Millennials want a living environment that sort of matches their lifestyle, and the current housing doesn’t do that. You need those products that facilitate a lifestyle that is tech driven and socially driven because of Facebook.

    Technology is also becoming a large factor as many empty-nesters begin their search in the rental housing market.

  3. In February, the City of Santa Monica enacted its Water Shortage Response Plan asking customers to voluntarily reduce water use by 20 percent from last year’s usage data. Since that time, usage has increased 2 percent.

    This condition is straining local groundwater and limited imported water supplies. City staff will be asking Council to adopt the Water Shortage Response Plan – Stage II, requiring mandatory restrictions (20% reduction target), on August 12, 2014.

    Details about mandatory restrictions will be forethcoming.

    Existing water use restrictions include the following:

    — No watering between 10 AM to 4 PM any day of the week

    — No irrigation runoff and overspray

    — No hosing hardscapes such as driveways, sidewalks and patios

    — No washing vehicles with a hose that does not have a shut off nozzle and no runoff from washing vehicles

    — No wasting water

    — No leaks

    — No fountains without a recirculating system

    — No food establishments shall serve water unless requested

    Santa Monica is increasing enforcement of these restrictions in order to keep a sustainable level of water supply throughout this drought and into the future.

    To start taking action, visit for tips and rebate information.

    To report water waste, call (310) 458-4984 or email Provide the address, date and time the violation occurred and if this is a recurring event. Staff will follow-up promptly.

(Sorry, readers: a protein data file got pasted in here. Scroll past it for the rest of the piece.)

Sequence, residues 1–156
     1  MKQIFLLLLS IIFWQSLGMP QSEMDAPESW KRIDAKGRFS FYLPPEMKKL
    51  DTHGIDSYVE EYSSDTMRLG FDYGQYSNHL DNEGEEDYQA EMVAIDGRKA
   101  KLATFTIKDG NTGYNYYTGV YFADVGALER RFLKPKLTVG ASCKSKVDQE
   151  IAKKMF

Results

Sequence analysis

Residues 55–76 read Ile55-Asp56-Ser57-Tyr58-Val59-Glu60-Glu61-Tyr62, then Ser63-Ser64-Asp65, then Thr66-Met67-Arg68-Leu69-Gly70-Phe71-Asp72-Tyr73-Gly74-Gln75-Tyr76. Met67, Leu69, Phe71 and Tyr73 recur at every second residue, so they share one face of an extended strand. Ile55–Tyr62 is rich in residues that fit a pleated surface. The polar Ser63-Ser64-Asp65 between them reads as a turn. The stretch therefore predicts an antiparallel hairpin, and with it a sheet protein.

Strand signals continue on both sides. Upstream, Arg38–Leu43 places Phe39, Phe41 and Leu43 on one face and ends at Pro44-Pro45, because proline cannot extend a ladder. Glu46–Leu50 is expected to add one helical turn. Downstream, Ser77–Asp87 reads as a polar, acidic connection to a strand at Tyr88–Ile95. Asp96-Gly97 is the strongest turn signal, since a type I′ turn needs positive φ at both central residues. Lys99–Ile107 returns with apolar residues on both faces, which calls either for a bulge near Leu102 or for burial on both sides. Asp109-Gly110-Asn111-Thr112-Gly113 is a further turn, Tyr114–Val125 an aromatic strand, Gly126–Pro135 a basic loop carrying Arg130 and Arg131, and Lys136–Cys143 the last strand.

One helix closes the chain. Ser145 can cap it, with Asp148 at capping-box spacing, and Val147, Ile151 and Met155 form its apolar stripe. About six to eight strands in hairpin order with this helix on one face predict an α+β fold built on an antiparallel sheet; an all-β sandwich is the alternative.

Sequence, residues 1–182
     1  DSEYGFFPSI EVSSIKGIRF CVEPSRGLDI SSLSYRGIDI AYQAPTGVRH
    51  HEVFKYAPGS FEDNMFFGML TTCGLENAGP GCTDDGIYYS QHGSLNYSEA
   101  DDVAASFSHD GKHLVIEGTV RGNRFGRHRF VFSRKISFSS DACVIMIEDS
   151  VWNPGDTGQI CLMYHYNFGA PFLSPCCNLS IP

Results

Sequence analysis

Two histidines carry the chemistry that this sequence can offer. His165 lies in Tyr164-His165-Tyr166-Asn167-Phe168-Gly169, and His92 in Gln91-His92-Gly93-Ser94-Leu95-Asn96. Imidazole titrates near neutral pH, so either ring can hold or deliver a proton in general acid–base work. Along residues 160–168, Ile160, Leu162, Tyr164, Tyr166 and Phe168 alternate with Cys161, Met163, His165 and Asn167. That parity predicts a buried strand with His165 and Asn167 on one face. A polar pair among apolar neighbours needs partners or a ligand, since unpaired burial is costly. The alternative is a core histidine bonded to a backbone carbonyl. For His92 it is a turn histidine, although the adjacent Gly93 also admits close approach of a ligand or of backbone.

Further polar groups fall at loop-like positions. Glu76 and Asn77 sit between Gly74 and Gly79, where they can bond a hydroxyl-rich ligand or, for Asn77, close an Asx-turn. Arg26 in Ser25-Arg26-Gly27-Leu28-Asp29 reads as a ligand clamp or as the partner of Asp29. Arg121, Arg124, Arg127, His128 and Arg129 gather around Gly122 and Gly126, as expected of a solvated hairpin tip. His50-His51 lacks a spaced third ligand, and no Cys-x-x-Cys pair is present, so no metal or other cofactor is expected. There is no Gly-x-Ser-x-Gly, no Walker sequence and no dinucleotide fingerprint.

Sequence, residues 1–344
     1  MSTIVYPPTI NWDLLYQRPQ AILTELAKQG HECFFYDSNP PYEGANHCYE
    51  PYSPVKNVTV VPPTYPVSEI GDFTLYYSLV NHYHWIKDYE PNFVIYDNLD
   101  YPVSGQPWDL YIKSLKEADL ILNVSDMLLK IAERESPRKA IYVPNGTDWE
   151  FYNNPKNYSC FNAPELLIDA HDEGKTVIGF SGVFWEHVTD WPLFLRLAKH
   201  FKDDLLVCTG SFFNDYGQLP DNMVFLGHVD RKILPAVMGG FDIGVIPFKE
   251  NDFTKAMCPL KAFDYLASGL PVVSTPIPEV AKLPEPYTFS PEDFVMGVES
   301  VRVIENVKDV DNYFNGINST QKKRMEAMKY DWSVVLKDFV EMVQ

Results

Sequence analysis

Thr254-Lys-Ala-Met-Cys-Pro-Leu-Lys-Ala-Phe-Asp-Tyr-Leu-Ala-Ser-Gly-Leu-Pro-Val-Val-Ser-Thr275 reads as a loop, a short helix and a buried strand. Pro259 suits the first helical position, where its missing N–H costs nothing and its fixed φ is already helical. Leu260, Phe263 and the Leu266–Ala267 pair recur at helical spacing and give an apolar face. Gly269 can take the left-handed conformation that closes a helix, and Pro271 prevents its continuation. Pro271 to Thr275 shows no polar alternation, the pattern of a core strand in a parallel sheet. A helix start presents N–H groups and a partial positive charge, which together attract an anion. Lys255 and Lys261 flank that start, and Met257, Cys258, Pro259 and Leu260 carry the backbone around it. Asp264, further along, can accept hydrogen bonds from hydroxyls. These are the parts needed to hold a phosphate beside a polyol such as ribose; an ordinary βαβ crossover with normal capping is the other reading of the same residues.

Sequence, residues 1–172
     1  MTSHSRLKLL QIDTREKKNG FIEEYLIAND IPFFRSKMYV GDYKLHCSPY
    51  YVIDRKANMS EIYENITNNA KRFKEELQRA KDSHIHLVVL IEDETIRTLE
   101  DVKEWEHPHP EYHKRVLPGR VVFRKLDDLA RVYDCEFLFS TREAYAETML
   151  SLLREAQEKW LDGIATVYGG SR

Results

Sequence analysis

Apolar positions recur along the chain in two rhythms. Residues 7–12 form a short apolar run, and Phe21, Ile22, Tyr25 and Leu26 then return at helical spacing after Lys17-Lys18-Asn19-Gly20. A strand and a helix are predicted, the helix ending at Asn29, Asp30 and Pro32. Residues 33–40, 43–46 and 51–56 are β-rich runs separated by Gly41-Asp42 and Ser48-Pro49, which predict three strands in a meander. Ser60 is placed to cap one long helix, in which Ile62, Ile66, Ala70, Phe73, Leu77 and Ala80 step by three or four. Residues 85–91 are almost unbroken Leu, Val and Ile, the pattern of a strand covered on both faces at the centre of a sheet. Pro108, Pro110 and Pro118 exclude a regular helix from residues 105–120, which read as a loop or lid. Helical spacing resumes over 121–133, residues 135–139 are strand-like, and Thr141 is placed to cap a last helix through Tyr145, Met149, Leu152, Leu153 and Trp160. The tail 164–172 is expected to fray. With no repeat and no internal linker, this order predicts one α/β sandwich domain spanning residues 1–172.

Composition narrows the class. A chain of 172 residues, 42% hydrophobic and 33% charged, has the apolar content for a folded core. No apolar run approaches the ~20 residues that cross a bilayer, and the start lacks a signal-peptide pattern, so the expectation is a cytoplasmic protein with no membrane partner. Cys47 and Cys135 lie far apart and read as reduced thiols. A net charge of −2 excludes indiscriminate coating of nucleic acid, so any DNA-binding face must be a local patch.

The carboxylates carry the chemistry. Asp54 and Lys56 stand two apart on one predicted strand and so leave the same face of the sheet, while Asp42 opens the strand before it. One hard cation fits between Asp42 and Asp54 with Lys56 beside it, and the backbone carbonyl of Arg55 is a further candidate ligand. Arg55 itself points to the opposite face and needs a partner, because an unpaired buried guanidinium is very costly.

For rebates visit,

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About Jodi Summers

With more than $100,000,000 in listed inventory, Jodi and the SoCal Investment Real Estate Group know finance, rules, regulations, procedures and methods. We are accurate, knowledgeable, timely and aware of how government shapes the cities of Southern California.

A New York native, Jodi grew up working in the family business – marketing, Madison Avenue style. Childhood math quiz questions calculated demographic and psychographic percentages or analyzed the allocation of adverting dollars. Word games were for devising slogans.

“My marketing and communication skills have proven to be a true gift when it comes to promoting real estate,” observes Jodi. “And I am consistently able to get an exceptionally high price per square foot for my sellers.”

Discipline (Jodi holds a Black Belt in Tae Kwon Do), organization, motivation, excellent communication skills and knowing & satisfying the needs of her clients have been her essentials for running a successful business. A passion for investment real estate explains her emphasis in asset-yielding properties.


Government, Green, Investment Opportunities, New Developments, Of Local Importance, Problem Solving, Trends, Uncategorized